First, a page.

Referring to Eq. (

From all these expressions one can again obtain an equation for the
fluctuation of phase space density

With knowledge of the collision term on the right or some of its
approximations, Eq. (

Clearly, the above equations resemble the well-known approach to plasma
kinetic theory. It should, however, be pointed out that even when dropping
the collision term on the right in a Klimontovich–Vlasov approach in linear
theory, the retardation effect remains in the third term on the left-hand
side in Eq. (

The one-particle kinetic equation (Eq.

Under such conditions Klimontovich–Vlasov theory applies, and the complications introduced by reference to the retarded time can be neglected. On the other hand, in very large volumes like in cosmical and astrophysical applications transport of information is provided by radiation transport and becomes rather slow. Hence, remote volumes will not respond immediately and not even within light-propagation time, which can then be treated again in the simplified theory.

However, the current investigation is necessary as a clarification of two points: Firstly, that the interaction among different volumes in plasma in principle cannot be considered to occur instantaneously. Secondly, the inclusion of retarded times gives a clue to the direction of time – as briefly discussed below – which in many-particle systems has only one direction, forward. Events are delayed by information transport and thus decorrelate even though they become relativistically synchronized by accounting for the information transport. This should necessarily contribute to dissipation because information becomes diffused by passing across the plasma from one particle to another.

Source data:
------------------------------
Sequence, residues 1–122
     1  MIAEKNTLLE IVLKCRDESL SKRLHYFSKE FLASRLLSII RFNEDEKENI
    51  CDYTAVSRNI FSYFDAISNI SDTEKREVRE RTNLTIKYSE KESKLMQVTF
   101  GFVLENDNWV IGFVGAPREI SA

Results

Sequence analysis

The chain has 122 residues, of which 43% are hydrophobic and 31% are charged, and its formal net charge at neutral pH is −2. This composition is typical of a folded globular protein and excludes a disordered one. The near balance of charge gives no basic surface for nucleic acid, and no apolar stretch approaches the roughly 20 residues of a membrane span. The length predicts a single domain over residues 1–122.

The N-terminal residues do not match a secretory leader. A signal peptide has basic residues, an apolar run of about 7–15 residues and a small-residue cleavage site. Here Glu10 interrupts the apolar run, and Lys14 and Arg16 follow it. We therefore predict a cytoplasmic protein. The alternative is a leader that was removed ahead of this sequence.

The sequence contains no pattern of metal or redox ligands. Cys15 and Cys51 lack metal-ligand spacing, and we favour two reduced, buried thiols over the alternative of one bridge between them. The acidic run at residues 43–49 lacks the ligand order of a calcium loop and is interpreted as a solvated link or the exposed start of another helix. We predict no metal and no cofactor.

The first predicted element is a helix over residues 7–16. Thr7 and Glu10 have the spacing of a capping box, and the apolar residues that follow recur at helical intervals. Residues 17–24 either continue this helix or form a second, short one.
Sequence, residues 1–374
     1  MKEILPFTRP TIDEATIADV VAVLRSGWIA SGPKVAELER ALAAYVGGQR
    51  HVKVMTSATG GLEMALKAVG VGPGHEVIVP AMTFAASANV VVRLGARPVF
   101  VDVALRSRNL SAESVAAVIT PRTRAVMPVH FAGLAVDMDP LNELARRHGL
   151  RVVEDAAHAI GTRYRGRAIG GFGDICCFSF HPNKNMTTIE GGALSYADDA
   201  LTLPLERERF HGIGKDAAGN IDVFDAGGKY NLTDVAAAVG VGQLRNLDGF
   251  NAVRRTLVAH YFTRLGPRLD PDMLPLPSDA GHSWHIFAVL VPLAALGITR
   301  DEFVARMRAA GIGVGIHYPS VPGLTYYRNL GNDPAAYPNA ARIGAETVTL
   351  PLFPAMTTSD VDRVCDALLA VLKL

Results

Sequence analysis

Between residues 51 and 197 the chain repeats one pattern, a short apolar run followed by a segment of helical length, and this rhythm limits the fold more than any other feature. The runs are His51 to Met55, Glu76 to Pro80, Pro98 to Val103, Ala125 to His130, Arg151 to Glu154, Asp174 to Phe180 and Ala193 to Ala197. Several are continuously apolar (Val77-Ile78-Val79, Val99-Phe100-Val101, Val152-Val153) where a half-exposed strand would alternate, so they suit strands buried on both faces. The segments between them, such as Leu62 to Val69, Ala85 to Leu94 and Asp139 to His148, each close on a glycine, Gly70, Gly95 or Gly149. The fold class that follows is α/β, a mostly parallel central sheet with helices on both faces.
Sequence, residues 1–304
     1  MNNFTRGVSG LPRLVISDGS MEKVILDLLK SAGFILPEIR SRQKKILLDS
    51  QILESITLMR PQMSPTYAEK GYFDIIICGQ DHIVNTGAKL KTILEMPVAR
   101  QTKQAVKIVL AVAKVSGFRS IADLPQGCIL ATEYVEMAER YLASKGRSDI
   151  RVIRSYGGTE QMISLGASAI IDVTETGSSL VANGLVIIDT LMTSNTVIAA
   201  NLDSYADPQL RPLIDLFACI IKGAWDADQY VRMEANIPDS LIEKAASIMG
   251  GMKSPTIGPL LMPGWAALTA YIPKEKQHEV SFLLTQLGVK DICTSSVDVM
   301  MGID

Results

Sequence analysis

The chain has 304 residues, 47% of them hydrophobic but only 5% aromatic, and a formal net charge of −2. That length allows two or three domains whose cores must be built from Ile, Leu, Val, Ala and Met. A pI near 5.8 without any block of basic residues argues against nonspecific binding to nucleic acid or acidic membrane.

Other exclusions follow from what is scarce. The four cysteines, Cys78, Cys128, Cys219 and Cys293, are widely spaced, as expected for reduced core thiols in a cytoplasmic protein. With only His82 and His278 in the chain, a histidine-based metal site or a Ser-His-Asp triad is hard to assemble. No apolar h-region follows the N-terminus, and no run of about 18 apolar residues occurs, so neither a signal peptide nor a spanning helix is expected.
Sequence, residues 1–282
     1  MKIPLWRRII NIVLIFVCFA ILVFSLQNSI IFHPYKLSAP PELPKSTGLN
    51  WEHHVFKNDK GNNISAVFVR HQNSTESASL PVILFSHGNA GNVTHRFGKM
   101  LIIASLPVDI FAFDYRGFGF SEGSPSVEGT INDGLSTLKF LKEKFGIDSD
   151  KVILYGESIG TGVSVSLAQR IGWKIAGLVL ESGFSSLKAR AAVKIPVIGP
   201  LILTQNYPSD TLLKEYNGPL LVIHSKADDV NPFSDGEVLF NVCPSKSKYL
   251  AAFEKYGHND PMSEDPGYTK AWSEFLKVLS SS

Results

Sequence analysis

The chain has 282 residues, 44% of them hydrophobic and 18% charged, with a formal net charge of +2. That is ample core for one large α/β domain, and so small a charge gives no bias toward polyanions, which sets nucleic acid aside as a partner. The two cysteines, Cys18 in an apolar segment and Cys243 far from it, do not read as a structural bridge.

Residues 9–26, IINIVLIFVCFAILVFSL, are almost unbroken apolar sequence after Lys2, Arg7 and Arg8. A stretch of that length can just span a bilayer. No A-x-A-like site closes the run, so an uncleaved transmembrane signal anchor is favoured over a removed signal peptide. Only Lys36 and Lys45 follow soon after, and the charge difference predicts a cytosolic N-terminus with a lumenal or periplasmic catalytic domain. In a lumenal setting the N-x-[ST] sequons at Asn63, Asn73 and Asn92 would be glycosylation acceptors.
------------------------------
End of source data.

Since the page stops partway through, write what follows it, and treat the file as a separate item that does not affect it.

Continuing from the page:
Reference to the retarded potentials and the effect of emission and
absorption implies a distinction between advanced and retarded effects. This
in itself unexpectedly brings up the problem of direction of time, this time
not in electrodynamics like in absorber theory, but also and directly in the
microscopic theory of phase space evolution. The delayed and integrated
response of the charge and current densities at location

This question cannot be answered a priori. Absorber theory is restored in the
second case in the causal many-particle theory. When considering the vacuum
as a medium in which the dispersion of electromagnetic waves is described by
a dispersion relation

The present investigation extends Klimontovich's approach to kinetic plasma theory to the inclusion of signal retardation effects. It applies to systems of indistinguishable charged particles interacting via their self-consistent electromagnetic fields. One can trivially extend it to the presence of external fields like stationary or variable magnetic fields caused by external sources.

A number of points may be worth mentioning. First, the result looks simple as
it seems that simple replacement of time with retarded time would have been
sufficient to obtain it. This is true, but it is not proof for the result's
correctness. For this reason we have chosen to follow the derivation step by
step, which is the usual way of confirming a hypothesis. This required using
the basic equations derived by

The same procedure may also be applied to other classical fields since in all interactions the transport of information from the agent to the absorber takes time. This is the case in gases where sound waves or gravity waves can be excited and these transport the information from one fluid element to another place to affect the dynamics of other elements. In these cases it is not the photons but phonons that transport energy and information. Application to these systems lies outside the intention of the present work.

No data sets were used in this article.

The authors declare that they have no conflict of interest.

This work was part of a Visiting Scientist Programme at the International Space Science Institute Bern in 2007. The interest of the ISSI Directorate is acknowledged, as, and in particular, is the friendly hospitality of the ISSI staff. Thanks are directed to the ISSI system administrator S. Saliba for technical support and to the librarians Andrea Fischer and Irmela Schweizer for access to the library and literature. The topical editor, E. Roussos, thanks P. Yoon for help in evaluating this paper.